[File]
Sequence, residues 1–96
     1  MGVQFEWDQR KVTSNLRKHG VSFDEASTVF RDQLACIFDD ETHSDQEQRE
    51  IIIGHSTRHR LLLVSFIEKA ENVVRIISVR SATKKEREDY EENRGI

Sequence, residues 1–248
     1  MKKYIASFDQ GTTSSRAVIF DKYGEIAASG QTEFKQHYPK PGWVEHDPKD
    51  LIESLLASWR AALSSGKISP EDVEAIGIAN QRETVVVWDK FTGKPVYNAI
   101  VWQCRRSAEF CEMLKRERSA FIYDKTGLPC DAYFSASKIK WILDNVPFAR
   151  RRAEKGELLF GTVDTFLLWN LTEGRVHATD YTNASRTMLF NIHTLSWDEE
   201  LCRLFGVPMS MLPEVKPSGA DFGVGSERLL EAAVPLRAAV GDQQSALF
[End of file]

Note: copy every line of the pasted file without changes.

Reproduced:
Sequence, residues 1–96
     1  MGVQFEWDQR KVTSNLRKHG VSFDEASTVF RDQLACIFDD ETHSDQEQRE
    51  IIIGHSTRHR LLLVSFIEKA ENVVRIISVR SATKKEREDY EENRGI

Sequence, residues 1–248
     1  MKKYIASFDQ GTTSSRAVIF DKYGEIAASG QTEFKQHYPK PGWVEHDPKD
    51  LIESLLASWR AALSSGKISP EDVEAIGIAN QRETVVVWDK FTGKPVYNAI
   101  VWQCRRSAEF CEMLKRERSA FIYDKTGLPC DAYFSASKIK WILDNVPFAR
   151  RRAEKGELLF GTVDTFLLWN LTEGRVHATD YTNASRTMLF NIHTLSWDEE
   201  LCRLFGVPMS MLPEVKPSGA DFGVGSERLL EAAVPLRAAV GDQQSALF